The latter is similarly important. Our lives are filled with choices and we rarely have the luxury of time to decide which choice is correct. Only in hindsight can we see the full picture. Thus, we’re always left with regret; regret we shouldn’t have. We question our actions and how we live our life; desperately searching for the correct answer.  Of course, there’s no one correct answer. This can leave us clinging to the answer another person has found for themselves. The only one who can ultimately decide who is correct is ourselves. 

Even Takayanagi doesn’t hold all the answers.

The themes I just discussed aren’t new or avant garde; neither are my explanations of them. Actually, they’re both pretty basic and I recognize that. What elevates it is the actual dialogue itself. Given that Takayanagi is teaching, he brings up several quotes from famous philosophers and explains the meaning of them. However, he also brings the hypothetical into reality, expounding on the psychological and sociological effects of living by an old adage. 

What can we learn from it (in terms of writing)?

I’ve rewritten this several times and couldn’t come to a satisfying singular answer. Everything I concluded was purely based on emotion and I wasn’t sure I could even frame it subjectively so as to point out how you could benefit your writing. That’s when I remembered that not every literary device was entirely objective. There’s one device in particular that I always hesitate to bring up precisely because of that: tone.

Tone is a very difficult thing to purposefully implement as it usually comes off too strong. The question of how to implement it is even more difficult and quickly breaks down into a discussion about diction more than anything else. It’s easier to point to examples when instructing, though this can fall flat when the example isn’t understood. This is far from the fault of the learner and an inevitability of the fact that everyone processes information differently.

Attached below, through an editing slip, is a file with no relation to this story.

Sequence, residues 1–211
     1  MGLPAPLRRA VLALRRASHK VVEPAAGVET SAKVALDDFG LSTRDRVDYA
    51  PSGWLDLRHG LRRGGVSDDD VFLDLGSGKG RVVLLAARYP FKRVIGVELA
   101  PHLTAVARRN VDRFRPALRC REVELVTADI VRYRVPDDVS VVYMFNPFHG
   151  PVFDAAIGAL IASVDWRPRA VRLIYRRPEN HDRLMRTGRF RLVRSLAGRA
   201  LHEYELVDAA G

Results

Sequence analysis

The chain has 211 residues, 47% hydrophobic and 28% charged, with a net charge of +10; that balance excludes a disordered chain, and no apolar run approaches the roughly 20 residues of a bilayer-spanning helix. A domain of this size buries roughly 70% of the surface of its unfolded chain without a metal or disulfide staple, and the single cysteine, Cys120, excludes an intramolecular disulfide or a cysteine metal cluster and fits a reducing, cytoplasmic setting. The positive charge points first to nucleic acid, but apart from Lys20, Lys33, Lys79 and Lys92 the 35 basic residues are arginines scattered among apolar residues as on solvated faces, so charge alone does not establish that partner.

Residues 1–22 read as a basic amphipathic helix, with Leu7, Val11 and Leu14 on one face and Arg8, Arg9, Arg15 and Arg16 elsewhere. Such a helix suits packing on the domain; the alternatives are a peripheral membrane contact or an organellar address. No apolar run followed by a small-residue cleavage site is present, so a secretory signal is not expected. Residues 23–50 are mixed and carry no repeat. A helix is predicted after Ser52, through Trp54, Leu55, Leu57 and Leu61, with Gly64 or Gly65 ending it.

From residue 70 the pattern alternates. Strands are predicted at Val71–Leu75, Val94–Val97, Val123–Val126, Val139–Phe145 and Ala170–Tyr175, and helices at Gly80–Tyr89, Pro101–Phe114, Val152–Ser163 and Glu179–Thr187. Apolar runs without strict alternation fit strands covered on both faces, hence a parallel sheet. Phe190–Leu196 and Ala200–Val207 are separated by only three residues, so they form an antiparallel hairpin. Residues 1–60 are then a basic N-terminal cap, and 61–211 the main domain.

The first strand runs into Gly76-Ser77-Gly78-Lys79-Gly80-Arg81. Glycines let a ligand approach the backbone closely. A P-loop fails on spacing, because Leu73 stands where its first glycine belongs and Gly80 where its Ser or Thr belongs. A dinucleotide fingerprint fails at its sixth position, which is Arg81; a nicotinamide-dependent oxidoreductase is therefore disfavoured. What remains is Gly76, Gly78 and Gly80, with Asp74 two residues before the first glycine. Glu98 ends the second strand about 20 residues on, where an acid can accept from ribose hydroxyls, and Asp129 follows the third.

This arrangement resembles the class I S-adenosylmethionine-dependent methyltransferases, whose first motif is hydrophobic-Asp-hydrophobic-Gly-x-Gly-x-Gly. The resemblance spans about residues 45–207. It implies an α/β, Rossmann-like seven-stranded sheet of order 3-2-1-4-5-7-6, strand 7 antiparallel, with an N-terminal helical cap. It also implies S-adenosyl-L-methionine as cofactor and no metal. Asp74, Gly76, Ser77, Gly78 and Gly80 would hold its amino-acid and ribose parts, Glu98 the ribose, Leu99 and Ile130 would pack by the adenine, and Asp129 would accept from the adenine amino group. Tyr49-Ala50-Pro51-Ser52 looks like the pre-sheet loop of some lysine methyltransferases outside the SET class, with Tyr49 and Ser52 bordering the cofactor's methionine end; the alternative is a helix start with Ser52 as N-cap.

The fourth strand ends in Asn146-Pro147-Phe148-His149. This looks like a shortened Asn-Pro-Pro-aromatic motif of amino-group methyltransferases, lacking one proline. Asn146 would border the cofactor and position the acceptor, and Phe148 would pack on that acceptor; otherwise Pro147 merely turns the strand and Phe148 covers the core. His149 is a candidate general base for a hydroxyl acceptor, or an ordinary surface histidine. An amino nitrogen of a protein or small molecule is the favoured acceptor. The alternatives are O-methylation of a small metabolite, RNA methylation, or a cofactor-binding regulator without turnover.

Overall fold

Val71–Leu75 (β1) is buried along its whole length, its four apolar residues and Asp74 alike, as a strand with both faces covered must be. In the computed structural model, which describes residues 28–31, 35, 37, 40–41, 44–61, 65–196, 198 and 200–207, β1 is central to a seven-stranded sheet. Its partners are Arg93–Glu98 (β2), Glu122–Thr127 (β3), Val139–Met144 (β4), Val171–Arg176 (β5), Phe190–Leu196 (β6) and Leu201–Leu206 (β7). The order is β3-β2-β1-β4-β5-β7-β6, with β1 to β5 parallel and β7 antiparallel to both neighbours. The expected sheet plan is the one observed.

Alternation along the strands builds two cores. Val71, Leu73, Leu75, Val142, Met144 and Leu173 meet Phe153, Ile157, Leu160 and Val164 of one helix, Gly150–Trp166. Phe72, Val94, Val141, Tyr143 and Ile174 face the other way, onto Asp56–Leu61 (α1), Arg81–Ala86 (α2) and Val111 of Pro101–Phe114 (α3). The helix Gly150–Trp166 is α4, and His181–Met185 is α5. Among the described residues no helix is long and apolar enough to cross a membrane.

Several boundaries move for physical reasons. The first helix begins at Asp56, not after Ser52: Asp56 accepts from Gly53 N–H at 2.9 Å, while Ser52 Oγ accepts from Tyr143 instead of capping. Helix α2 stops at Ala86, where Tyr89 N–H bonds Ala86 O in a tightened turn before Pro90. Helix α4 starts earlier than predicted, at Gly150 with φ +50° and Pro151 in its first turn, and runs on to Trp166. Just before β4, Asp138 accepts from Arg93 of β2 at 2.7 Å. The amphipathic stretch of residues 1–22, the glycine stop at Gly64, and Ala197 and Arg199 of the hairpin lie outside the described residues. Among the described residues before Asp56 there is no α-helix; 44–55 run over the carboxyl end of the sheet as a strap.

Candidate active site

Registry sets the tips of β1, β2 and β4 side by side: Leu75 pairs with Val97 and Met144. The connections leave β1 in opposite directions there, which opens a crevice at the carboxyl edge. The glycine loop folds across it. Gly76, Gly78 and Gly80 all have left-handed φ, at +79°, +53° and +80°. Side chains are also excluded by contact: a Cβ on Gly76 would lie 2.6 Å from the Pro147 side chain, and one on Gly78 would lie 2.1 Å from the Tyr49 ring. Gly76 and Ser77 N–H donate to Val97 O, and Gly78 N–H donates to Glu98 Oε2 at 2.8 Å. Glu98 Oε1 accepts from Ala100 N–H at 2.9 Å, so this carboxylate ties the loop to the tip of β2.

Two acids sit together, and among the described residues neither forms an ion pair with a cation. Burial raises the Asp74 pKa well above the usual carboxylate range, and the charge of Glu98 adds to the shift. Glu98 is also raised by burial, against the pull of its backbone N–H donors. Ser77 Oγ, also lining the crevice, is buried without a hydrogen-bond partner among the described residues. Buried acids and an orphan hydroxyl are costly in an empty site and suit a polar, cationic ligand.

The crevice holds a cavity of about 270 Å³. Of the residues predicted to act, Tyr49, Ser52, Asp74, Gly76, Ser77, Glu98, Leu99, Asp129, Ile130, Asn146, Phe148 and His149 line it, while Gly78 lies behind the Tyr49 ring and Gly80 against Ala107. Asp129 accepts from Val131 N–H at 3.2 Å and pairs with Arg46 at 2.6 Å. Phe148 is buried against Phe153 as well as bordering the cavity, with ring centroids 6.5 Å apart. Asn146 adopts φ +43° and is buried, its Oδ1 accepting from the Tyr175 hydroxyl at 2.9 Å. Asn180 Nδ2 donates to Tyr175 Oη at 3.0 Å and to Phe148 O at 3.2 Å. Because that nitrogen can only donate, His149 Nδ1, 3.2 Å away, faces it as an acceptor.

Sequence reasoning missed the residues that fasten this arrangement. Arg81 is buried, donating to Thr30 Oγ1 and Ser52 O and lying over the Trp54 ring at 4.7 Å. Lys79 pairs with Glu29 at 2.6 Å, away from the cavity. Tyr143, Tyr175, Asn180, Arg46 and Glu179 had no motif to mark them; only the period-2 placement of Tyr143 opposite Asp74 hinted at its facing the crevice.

Nevertheless, I believe wholeheartedly that Shiori Amase, the mangaka, brilliantly uses tone to its fullest potential. While she likes to provide answers through Takayanagi, it never comes across as an absolute. Following the theme of “finding your own answer,” never does the manga make you think that you’re wrong. Rather, it encourages different ways of thinking that may conjunct or diverge with your own. 

To capture tone as wonderfully as she does, you need to remind yourself what your manga is about. What’s the core theme and not just this arc’s theme? In the end, From Now On We Begin Ethics isn’t a guide to your life. It isn’t something you learn how to act from, it’s something you learn how to think from; hence ethics. If you do this as Shiroi does, it’ll reflect subtly in your writing. If you don’t feel like the tone you’re trying to capture is represented enough, have some people read through it blind first. Then, if you don’t get the comments you want, you can be more hands-on and purposeful with tone’s implementation. 


For those who plan to read it, and I highly recommend you do, be advised that it contains mature content. Bullying, drug abuse, suicide attempts, nonconsensual sex, mental illness, and domestic abuse are part of the currently released stories. The manga is not completed as of the date published. Read with care. Also, please remember what I said before. Takayanagi’s actions aren’t always in line with what you should do. This manga is about ethics first and foremost, not medical care.